This comes to a head in the final act where all the crew are finally together. The heist itself ultimately boils down to doing the same torturous segments with the four thieves. I’m not underselling it, either. Having to repeat the same laser hallways, ladder scaling sections and painfully opening the same boxes just kills any momentum this game had when the guys were doing their own separate thing. There’s no tension or sense of climax. Just frustration. In a game where time is of the essence, nobody can run. Everyone moves at this pedestrian, plodding pace and it saps the life out of me.

Visually, Way Down looks incredibly poor. Textures and character models lack any real polish and there’s technical problems that easily rear their head. During one of Simon’s sections, an entire corner of the server room vanished out of existence. Shadows look blocky and, overall, everything has a very cheap look to it. I’ve also noticed there’s a placeholder screen that pops up immediately after loading. To the game’s credit, it didn’t crash on me but none of it felt pleasant to look at.  The crowd scenes at the conclusion look genuinely laughable.

Voice acting is entirely in Spanish so I can’t really comment on much beyond the delivery. It seems fine although I can’t say the writing was especially interesting. I didn’t enjoy the interplay between the characters who largely seem all business. Anyone else milling around the bank talks about the World Cup Final. It all falls flat and feels a little one-dimensional. The late game twist came with very little build-up and I didn’t feel like I had anyone to root for.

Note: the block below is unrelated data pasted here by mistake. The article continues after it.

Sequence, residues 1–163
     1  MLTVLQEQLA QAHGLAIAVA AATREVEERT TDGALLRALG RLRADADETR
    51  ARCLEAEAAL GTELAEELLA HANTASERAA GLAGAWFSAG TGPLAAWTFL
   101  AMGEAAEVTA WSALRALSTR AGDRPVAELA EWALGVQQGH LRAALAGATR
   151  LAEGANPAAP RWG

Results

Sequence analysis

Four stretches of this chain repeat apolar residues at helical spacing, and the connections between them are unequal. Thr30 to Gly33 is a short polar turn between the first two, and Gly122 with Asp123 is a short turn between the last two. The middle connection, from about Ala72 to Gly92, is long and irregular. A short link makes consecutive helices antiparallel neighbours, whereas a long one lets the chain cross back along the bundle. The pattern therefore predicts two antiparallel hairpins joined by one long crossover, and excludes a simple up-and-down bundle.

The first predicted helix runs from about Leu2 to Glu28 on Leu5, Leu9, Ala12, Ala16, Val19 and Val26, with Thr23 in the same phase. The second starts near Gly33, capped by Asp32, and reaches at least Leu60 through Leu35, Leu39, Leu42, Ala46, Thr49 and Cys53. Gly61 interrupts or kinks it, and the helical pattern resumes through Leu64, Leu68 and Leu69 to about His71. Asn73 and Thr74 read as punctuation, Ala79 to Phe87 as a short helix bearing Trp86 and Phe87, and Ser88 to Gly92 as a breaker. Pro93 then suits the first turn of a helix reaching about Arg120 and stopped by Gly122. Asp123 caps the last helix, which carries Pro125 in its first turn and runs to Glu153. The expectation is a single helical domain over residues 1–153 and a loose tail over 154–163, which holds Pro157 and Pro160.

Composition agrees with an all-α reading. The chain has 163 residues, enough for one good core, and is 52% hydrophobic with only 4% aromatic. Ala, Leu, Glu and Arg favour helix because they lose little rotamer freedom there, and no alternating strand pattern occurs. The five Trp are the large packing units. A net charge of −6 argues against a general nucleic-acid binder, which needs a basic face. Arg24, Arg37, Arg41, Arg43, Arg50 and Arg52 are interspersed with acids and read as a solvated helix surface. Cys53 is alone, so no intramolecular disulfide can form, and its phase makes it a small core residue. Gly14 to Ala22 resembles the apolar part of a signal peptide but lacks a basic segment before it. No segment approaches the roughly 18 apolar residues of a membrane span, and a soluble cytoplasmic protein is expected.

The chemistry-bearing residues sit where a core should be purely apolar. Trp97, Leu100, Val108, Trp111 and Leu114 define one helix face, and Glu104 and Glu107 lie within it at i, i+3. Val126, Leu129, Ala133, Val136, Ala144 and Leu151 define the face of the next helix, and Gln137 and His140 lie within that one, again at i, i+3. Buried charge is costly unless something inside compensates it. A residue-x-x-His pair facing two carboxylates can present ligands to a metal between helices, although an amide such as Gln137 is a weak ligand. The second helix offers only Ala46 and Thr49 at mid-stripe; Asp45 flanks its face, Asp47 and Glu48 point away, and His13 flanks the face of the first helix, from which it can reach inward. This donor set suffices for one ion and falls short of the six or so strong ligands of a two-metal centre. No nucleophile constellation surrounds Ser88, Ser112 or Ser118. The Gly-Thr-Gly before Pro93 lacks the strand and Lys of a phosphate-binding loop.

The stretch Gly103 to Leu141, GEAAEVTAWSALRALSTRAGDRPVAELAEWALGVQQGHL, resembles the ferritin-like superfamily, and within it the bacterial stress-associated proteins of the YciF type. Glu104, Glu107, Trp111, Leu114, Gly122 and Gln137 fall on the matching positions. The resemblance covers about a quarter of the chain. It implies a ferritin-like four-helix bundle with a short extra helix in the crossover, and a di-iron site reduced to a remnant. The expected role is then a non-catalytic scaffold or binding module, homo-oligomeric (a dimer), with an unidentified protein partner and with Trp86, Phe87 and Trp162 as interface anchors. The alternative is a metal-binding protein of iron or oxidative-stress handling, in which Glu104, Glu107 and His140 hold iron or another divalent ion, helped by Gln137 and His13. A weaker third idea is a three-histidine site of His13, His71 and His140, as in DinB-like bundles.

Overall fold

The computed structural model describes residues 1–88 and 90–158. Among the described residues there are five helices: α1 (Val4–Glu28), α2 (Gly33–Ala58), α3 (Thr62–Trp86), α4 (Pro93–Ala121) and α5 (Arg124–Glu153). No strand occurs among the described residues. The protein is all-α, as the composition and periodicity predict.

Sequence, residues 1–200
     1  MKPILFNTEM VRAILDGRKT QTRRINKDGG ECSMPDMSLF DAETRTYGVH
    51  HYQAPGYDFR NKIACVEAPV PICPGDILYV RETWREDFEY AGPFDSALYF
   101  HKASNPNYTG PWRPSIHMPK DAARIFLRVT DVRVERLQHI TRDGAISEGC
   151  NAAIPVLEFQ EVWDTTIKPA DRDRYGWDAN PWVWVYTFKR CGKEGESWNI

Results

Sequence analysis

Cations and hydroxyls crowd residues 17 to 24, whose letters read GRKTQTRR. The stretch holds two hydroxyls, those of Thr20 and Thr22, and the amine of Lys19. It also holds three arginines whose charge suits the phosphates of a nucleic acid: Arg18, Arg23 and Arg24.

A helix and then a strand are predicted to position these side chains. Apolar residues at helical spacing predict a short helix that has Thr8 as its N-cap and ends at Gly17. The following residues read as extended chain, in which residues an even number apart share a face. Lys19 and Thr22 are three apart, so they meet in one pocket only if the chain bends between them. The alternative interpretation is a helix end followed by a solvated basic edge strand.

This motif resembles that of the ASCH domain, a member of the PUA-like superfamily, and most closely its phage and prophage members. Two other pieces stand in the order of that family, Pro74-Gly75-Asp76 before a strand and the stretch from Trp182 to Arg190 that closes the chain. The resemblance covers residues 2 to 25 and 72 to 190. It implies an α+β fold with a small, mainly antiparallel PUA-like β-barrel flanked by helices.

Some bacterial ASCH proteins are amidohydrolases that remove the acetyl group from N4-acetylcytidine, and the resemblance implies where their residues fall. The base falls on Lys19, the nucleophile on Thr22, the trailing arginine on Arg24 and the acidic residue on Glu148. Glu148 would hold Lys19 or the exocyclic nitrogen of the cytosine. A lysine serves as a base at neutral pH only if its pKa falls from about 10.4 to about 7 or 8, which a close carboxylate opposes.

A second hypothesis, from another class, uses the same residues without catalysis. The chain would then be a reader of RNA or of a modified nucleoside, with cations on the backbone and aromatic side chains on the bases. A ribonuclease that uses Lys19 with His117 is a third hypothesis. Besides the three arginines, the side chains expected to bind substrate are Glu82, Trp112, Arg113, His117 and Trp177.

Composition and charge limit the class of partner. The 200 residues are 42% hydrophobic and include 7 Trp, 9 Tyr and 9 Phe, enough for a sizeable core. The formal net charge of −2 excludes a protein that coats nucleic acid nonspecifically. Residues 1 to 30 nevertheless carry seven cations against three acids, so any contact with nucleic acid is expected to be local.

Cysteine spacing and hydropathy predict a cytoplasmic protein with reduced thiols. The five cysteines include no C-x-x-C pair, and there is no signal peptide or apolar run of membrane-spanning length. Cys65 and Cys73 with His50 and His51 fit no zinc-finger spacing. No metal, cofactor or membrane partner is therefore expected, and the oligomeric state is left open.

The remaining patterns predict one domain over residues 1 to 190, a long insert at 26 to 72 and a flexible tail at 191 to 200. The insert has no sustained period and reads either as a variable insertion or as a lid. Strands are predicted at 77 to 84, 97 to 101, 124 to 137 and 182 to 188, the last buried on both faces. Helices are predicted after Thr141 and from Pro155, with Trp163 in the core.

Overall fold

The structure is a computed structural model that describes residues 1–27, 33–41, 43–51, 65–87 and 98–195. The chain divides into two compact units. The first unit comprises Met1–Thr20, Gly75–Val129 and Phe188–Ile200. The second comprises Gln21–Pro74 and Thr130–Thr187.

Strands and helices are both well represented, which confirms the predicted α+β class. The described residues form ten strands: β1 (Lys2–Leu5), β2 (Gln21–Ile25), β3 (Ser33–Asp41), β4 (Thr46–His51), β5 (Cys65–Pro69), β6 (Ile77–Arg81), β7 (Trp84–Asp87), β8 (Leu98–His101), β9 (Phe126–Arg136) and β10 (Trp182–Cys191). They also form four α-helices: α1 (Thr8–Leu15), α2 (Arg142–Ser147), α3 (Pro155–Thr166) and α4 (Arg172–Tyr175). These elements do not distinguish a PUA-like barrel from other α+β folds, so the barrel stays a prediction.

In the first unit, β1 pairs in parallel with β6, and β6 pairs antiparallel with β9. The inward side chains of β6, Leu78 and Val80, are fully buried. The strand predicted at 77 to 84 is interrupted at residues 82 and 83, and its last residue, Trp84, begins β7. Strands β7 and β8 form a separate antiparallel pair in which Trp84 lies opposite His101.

I could be cynical and say Way Down is a crude, cheap media tie-in but the Playstation Talents initiative does tend to churn out more misses than hits. For an intriguing, espionage-heavy plot, it’s all diluted with bland gameplay and horrific visuals. The premise really had me interested but the execution had me struggling to care at any step of the journey. The characters barely step away from the business at hand and, whilst the short, snappy structure could keep the pace up, it’s crushed by a final act that slows things to a crawl.

Way Down
3 Overall
Pros
+ The intro credits are very nicely done.
+ Lorraine's early sections present a rare high point.
+ Interesting premise.
Cons
- Looks incredibly dated and glitchy beyond reasonable levels.
- The constant switching of characters can be disorienting.
- The characters all seem flat and boring
- It degenerates into a repetitive final act.
Summary
Way Down is a truly poor effort that reduces an exciting bank heist into a series of mini games. Visually, it has a very cheap look with very little polish. It's very rough around the edges and sometimes those edges fall away. The multiple protagonists do try to keep things fresh but the final act devolves into a repetitive slog. In safer hands, a game could've brought life to an interesting caper. As it is, Way Down is dreadfully executed.


About Mike

Mike gets all the racing games because he understands that stuff even though he doesn't drive.